The 2013 NFL playoffs will kick off Saturday with a Week 16 rematch when the Kansas City Chiefs and Indianapolis Colts square off in the AFC Wild Card game at 4:35 p.m. ET on NBC. Andy Reid’s Chiefs (11-5) should be at near full strength for the first time in more than a month while Chuck Pagano’s Colts (11-5) appear to be peaking at the right time.
After starting out the season 9-0, Kansas City lost five of their final seven games, including a 23-7 setback at home to Indianapolis just two weeks ago. The Chiefs also haven’t won a playoff game since the 1993 Divisional Round, as their seven-game postseason losing streak is tied with Detroit for the longest in NFL history. Included in this streak are three losses to the Colts, the most recent being a 23-8 home defeat in the 2006 Wild Card game.
Indianapolis won the AFC South with a perfect 6-0 divisional record and also defeated Denver and Seattle, the top seeds in the AFC and NFC respectively, as well as San Francisco during the regular season. After playing uneven to open the second half of their schedule, the Colts finished with a flourish, winning their final three games by a combined score of 78-20. Now Andrew Luck will look to keep the momentum going at home, put an end to Indianapolis’ own three-game postseason skid and earn his first career playoff victory in the process.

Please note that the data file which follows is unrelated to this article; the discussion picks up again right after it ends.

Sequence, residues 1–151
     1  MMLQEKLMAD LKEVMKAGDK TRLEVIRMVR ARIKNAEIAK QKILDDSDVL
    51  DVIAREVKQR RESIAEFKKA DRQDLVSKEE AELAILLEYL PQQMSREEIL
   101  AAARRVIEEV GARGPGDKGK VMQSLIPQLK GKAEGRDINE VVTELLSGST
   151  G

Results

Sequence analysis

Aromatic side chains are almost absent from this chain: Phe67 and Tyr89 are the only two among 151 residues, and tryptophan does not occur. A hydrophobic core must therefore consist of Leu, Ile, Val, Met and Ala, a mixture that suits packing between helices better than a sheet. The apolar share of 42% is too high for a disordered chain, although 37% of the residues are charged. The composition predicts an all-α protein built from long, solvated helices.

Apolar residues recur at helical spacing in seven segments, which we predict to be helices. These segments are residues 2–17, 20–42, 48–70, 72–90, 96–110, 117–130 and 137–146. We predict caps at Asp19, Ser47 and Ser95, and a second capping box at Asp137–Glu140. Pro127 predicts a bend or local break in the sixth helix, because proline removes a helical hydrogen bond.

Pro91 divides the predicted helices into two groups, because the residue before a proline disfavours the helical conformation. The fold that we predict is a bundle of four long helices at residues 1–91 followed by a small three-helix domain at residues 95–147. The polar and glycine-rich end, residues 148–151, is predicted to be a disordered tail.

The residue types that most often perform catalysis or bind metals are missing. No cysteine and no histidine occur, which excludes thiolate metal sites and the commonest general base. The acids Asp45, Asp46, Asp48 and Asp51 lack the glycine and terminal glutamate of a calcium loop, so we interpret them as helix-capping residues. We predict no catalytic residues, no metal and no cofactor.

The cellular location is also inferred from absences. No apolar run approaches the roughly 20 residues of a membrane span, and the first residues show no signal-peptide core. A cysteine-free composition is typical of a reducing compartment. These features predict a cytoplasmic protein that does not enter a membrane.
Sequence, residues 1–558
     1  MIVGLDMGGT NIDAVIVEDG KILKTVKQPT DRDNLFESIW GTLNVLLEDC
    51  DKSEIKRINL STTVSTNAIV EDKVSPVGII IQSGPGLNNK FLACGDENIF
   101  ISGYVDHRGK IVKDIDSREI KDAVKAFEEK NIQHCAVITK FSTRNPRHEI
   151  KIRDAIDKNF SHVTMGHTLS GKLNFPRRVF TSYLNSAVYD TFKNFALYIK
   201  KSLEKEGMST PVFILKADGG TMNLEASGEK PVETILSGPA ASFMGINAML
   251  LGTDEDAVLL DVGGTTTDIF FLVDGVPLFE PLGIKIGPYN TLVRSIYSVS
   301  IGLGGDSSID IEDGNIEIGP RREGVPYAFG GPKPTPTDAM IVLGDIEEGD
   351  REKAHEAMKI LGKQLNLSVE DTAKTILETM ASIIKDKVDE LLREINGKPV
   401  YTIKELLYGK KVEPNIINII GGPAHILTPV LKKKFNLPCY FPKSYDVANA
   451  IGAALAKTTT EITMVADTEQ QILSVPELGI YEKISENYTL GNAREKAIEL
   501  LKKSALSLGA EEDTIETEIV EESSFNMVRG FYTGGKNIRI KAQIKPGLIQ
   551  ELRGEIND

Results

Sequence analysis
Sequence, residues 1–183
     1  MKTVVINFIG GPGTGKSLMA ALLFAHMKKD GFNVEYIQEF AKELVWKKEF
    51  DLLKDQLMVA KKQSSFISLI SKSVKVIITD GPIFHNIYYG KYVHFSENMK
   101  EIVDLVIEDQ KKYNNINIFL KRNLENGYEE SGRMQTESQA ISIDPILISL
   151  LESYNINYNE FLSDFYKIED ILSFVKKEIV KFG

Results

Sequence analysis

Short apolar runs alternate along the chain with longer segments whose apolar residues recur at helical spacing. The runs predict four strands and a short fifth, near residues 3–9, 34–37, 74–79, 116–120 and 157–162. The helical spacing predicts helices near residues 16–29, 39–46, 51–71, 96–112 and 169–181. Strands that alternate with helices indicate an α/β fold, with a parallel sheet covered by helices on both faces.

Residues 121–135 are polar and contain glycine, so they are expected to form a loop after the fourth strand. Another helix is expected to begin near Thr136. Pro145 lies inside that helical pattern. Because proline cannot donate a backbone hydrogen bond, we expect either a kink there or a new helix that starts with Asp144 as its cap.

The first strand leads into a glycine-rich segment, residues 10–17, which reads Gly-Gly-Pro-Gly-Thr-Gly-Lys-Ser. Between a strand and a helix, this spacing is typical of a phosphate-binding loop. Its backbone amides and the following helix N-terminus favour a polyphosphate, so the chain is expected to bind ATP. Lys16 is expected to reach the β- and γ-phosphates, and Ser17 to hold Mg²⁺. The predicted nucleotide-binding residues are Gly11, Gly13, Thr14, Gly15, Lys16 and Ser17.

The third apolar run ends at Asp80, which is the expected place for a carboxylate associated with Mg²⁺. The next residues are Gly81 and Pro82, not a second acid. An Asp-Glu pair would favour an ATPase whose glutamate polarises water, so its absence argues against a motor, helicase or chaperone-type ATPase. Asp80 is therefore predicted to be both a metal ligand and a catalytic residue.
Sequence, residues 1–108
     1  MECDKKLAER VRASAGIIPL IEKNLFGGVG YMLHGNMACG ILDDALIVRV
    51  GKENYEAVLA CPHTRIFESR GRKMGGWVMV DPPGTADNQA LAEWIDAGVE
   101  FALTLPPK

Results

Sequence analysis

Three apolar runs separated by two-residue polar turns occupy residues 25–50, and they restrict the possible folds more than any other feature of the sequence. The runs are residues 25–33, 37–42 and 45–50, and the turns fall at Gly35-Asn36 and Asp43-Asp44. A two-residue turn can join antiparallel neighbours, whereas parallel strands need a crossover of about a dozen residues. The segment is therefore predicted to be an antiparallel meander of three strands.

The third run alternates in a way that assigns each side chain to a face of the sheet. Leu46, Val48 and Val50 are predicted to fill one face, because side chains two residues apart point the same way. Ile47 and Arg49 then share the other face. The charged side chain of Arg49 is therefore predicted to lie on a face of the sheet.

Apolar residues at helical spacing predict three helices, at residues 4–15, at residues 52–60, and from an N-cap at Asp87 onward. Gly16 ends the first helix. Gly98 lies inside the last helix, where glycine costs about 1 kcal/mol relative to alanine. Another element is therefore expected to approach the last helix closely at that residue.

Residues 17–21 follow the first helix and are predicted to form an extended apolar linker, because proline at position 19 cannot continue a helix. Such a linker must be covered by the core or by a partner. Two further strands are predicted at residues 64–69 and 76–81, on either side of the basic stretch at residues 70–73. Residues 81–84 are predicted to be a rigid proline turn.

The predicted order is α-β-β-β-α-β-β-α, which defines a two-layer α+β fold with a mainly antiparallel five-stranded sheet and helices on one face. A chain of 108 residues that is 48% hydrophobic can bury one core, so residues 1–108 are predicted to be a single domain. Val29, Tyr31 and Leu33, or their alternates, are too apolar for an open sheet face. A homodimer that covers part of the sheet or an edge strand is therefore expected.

3 Things to Watch
Two weeks ago, Indianapolis, 9-5 at the time, entered its Week 16 game against Kansas City (11-3) as the underdog and in the midst of a six-game stretch in which the Colts traded losses and wins. Meanwhile, the Chiefs had seemingly righted the ship after dropping three in a row (two of those to Denver) at home, beating the Redskins and Raiders on the road by a combined score of 101-41. Back at Arrowhead Stadium, the Chiefs jumped out to 7-0 lead in the first quarter on a 31-yard touchdown run by Jamaal Charles, only to watch the visiting team take over from there. Indianapolis scored the final 23 points of the game, as Andrew Luck threw for 241 yards and a touchdown with no turnovers and Donald Brown scored two touchdowns (one rush, one receiving) to supply most of the offense. On defense, the Colts gave up 155 yards rushing, including 106 to Charles, but limited Alex Smith to just 153 yards passing, sacked him five times and forced a total of four turnovers (three by Smith) to hold the Chiefs scoreless for the final 50 minutes of the game.